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Please be aware that this old REACH registration data factsheet is no longer maintained; it remains frozen as of 19th May 2023.

The new ECHA CHEM database has been released by ECHA, and it now contains all REACH registration data. There are more details on the transition of ECHA's published data to ECHA CHEM here.

Diss Factsheets

Environmental fate & pathways

Endpoint summary

Administrative data

Description of key information

Additional information

Sucroglyceride C16-18 is readily biodegradable and fulfils the 10 d window criterion, based on the test results of a study conducted according to OECD Guideline 301 D (closed bottle test) using domestic sewage as inoculum.

Due to ready biodegradability under aerobic conditions no further investigations on biodegradation are considered necessary in accordance with REACH Regulation Annex IX,, column 2 (soil) and Annex IX, (sediment).

According to REACH Regulation, Annex VIII,, column II a study on hydrolysis as a function of pH does not need to be conducted as the substance is readily biodegradable.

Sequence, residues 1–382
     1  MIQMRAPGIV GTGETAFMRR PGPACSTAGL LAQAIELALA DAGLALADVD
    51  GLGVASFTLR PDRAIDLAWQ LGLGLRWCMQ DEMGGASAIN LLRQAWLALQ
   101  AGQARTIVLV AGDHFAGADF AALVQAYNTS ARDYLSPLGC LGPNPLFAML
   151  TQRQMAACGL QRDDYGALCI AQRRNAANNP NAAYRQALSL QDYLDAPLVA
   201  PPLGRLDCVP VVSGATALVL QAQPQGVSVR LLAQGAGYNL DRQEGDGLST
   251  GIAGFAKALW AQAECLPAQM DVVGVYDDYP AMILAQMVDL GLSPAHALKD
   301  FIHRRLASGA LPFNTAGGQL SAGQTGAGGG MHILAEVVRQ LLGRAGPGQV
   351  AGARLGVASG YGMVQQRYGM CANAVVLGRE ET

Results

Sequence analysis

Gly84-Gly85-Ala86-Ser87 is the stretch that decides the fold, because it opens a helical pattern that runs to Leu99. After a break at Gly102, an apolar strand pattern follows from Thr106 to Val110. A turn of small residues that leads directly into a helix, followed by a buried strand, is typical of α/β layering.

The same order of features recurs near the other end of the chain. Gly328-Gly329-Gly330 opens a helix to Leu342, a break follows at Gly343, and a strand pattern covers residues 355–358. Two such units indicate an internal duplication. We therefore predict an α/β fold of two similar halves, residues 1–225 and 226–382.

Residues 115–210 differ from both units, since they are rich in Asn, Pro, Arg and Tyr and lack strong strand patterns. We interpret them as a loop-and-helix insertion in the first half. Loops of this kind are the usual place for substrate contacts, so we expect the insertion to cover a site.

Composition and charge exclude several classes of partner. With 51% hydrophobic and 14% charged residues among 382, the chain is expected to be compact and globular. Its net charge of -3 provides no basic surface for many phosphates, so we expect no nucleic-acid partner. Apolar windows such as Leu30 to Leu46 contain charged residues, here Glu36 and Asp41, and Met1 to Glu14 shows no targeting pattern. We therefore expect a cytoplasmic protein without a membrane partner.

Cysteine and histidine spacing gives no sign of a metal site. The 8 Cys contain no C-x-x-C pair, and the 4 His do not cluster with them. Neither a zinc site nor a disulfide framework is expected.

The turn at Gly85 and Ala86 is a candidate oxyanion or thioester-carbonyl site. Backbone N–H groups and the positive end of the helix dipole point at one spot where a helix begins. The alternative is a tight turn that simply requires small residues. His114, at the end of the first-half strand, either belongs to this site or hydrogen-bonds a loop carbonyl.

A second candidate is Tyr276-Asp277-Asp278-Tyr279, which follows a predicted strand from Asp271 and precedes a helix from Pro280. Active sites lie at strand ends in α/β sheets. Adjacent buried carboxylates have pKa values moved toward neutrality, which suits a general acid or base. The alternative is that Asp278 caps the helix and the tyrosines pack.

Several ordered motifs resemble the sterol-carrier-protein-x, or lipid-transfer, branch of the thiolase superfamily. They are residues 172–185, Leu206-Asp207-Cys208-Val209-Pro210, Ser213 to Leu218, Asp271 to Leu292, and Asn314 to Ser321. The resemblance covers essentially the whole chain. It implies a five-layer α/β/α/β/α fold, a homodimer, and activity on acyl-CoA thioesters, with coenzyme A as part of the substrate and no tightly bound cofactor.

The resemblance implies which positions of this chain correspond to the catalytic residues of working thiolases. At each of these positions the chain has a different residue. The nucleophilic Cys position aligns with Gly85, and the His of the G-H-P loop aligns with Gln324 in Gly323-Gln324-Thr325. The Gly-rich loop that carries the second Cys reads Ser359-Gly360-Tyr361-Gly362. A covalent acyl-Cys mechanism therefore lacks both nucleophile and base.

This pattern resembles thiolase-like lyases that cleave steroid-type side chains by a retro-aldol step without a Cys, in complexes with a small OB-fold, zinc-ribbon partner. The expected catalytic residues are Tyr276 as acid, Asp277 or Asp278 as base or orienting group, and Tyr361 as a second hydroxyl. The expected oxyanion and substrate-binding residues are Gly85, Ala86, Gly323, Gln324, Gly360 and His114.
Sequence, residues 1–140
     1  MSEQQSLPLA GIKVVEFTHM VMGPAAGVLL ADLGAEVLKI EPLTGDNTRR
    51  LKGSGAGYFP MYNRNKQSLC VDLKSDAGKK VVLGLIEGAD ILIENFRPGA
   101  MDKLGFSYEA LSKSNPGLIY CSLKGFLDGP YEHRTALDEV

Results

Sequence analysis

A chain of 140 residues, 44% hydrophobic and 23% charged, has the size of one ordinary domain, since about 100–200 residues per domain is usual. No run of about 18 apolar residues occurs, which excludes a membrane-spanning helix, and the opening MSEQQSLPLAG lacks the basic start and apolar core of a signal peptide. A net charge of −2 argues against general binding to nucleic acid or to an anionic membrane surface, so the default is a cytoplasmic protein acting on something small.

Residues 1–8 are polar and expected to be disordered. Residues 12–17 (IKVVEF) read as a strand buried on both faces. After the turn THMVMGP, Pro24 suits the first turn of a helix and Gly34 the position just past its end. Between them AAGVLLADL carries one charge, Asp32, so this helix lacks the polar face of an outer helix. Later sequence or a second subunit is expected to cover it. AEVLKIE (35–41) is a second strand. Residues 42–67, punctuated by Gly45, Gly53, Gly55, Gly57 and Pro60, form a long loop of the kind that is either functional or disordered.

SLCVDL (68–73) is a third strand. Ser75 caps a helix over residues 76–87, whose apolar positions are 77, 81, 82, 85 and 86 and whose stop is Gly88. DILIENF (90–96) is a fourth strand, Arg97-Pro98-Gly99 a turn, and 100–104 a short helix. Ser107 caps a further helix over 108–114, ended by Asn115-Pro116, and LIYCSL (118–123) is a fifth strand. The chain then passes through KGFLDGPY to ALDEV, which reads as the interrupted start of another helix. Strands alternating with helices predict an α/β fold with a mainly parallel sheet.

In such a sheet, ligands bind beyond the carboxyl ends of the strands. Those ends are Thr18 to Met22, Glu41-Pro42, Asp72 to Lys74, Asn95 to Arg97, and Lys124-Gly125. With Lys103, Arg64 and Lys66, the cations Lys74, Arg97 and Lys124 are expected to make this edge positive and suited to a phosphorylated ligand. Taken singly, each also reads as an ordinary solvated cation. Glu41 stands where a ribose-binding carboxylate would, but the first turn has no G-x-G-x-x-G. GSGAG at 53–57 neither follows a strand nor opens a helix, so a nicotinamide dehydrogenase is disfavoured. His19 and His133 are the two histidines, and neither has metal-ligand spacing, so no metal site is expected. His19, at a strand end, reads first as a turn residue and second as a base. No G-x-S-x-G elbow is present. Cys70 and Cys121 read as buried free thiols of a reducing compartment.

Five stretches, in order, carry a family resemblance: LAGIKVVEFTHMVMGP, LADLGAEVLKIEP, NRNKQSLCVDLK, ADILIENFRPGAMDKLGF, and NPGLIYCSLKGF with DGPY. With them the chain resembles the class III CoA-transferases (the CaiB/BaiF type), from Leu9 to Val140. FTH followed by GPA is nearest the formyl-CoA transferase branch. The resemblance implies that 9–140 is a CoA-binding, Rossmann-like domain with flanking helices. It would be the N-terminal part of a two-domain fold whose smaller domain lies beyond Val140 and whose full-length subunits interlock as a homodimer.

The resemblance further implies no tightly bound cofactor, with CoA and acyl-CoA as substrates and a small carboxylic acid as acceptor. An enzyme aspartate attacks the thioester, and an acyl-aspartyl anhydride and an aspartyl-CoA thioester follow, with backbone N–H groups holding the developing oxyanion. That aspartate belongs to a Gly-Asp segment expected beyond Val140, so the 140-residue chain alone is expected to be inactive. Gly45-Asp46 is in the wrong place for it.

Although ready biodegradability has been shown for the substance, a calculation to estimate the adsorption/desorption potential of Sucroglyceride C16-18 is provided. A calculation of a single Koc for the UVCB substance is not feasible. Thus, the Koc of the main constituents of Sucroglyceride C16-18 were calculated separately using EPI suite v4.00 KOCWIN v2.00. As a log Kow below 3 and high water solubility indicates no potential for adsorption, it was not considered necessary to calculate Koc for Sucrose and Glycerol (log Kow of -3.7 and -1.76, respectively; water solubility 2.12E+06 mg/L and 5.30E+06 mg/L, respectively).

The calculated log Koc of the fatty acids (Palmitic acid, Stearic acid) were in the range of 4.00 to 4.59, increasing with higher chain length.

The log Koc of the monoglycerides were in the range of 3.26 to 4.07, indicating no strong binding potential to soil particles. Although the model is only valid for undissociated substances, and Palmitic acid and Stearic acid are weak acids which will exist almost entirely in the anion form in the environment, anions generally do not adsorb more strongly to soil containing organic carbon and clay than their neutral counterparts. It is therefore assumed that the adsorption potential for the dissociated forms is not higher.